Mulayam’s political acumen

Arun Srivastava

His detractors had ridiculed and despised him and also written him off from the electoral politics of Uttar Pradesh forever, but the patriarch of the Samajwadi Party showed to the political establishment of India that he is the master political strategist and none can match his skill. The political class and the establishment were wrong in his assessment of Mulayam from the beginning. It took seriously the family feud between Mulayam and Akhilesh and perceived it as the end of the dominance of Yadav clan in Uttar Pradesh. The naivety of the political class to comprehend the correct ground realities was also manifest in its inability to decode the crisis as a friendly fight (noorakusti).
There is a famous adage, achieving two goals through one action. But Mulayam could accomplish many goals through his one action. While he took the sheen off from the BJP, he also showed the JD(U) leader Nitish Kumar his place in the politics in national perspective,  reduced the regional political outfits to the status of non-entities and the most important task he could achieve was to completely erase the anti-incumbency factor against the SP government and project Akhilesh as the visionary and development oriented administrator.
The projection of Akhilesh has been the most significant gain. Thousands of public meetings could not have helped Mulayam and his son Akhilesh to achieve this feat. The manner in which he created the family crisis and then resolved it has no parallel in the Indian political scene. Even the political class had got worried of the future of Mulayam. Lalu appealed for amicable settlement. Some even held the view that Akhilesh has been too rude to his father. He ought to not have treated him in this matter. But the fact remained Akhilesh was speaking the lines of the brief written by Mulayam.
Mulayam saved the party from being wiped out from the state in the ensuing assembly election. Chief minister Akhilesh Yadav not only earned for himself an image boost, pre-election momentum and a key alliance, he has managed to blunt BJP’s anti-incumbency attack. Even State BJP general secretary Vijay Bahadur Pathak accepted that the drama-a-day fracas had deflected attention from issues on which the Opposition had been targeting Akhilesh: communal violence, crime, alleged corruption in the Samajwadi Party and his being "half a chief minister".
Mulayam preferred to don the cap of the angry father. If he really intended to harm Akhilesh and ensure that Samajwadi Party loses the election he would have forced the Election Commission to freeze the election symbol, the cycle, of the party. His action might have resembled to letting down his own faction leaders but the matter of fact is he has been working on his well crafted plan. With Akhilesh as the chief minister, Mulayam will continue to have power in his hand.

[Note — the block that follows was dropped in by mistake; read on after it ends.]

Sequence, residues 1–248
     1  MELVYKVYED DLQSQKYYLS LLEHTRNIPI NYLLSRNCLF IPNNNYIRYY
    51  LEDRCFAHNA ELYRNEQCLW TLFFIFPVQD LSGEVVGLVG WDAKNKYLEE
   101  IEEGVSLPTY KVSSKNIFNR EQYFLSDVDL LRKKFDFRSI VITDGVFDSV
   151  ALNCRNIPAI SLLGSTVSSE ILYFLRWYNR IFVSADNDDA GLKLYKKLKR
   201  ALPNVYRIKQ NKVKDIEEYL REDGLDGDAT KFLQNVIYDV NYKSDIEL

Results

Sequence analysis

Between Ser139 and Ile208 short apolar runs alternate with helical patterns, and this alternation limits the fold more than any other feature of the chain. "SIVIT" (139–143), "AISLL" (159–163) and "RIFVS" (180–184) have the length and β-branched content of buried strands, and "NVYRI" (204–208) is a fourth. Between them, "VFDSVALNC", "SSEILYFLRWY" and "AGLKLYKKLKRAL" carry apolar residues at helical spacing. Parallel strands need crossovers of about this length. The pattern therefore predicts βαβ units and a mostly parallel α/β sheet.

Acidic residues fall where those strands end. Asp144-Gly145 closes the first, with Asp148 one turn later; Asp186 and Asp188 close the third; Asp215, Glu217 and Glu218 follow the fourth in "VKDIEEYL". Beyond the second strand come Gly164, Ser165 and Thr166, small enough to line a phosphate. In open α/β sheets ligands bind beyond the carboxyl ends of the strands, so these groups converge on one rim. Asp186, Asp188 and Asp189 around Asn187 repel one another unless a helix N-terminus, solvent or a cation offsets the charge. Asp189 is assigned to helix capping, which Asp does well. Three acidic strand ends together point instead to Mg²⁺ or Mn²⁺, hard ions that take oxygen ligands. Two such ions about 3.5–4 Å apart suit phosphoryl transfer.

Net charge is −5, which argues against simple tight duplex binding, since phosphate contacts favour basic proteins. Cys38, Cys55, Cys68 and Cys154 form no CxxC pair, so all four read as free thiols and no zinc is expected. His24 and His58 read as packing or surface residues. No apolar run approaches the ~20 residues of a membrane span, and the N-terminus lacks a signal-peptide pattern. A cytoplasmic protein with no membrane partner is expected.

The involvement of Sonia Gandhi in seat sharing and then handing over the command of campaigning to Priyanka Gandhi is a clear message for the Congress leaders hankering for installing Rahul Gandhi as the party president replacing Sonia Gandhi; they ought to realize this difference between the two individuals. While Sonia helped the leaders struck the deal, ironically Rahul Gandhi spoke to Akhilesh Yadav to try and understand why the Samajwadi Party had been continuously changing its stand but did not discuss the seat shares. In all fairness, as the de facto chief Rahul should have taken the initiative to accomplish the task.
In national politics and especially in Uttar Pradesh, everybody knows that Mulayam seldom forgives his adversaries and detractors. He waits for the right time to attack. Before the family feud erupted, the chances of Nitish Kumar riding the bandwagon of SP was quite bright. But in the prevailing situation JD(U) of Nitish has no place in the alliance. Irked at the development, Janata Dal (United) expressed displeasure about not being part of the SP-led alliance there. JD(U) was contemplating to use the alliance for floating Nitish as a national leader. Though the JD(U) general secretary Tyagi claimed “in the last Bihar Assembly polls we had cancelled the tickets of as many as 40 of our sitting MLAs for them. We are the pioneers of forming secular alliances.”  But the fact remained that the JD(U) was not willing to give more than 5 seats to SP. Mulayam took it as an affront and came out of the grand alliance of Bihar. The JD(U) was so angry with SP that it accused Akhilesh and Mulayam of benefitting BJP.  At one stage in order to check Akhilesh and Samajwadi Party, the JD(U) was trying to bring other likeminded parties on one platform.
Finally wisdom prevailed and now the JD(U) has decided not to contest the assembly poll in Uttar Pradesh, neither would support any other political party there.“To protect the constituency for secular forces we’ve taken the decision not to contest assembly election in UP.” To be true enough, the general secretary KC Tyagi knows going to polls in UP would prove to be the Waterloo for the JD(U) leadership. Though Tyagi promised to strengthen secular forces, on his part Nitish Kumar will not visit UP for campaigning even if Akhilesh Yadav sends him the formal invitation. Interestingly only in May last year Nitish Kumar had addressed six meetings in these areas exploring opportunities for the party to contest the poll. The party does not have an impressive track record in Uttar Pradesh it had failed to win a single seat of the 219 it contested in the 403-seat assembly during the 2012 election. On the contrary, the Congress won 28 of the 355 seats it fought in 2012. The RLD and the Peace Party won nine and four seats out of the 46 and 208 seats they had contested, respectively. (IPA)

Saturday, 4 February, 2017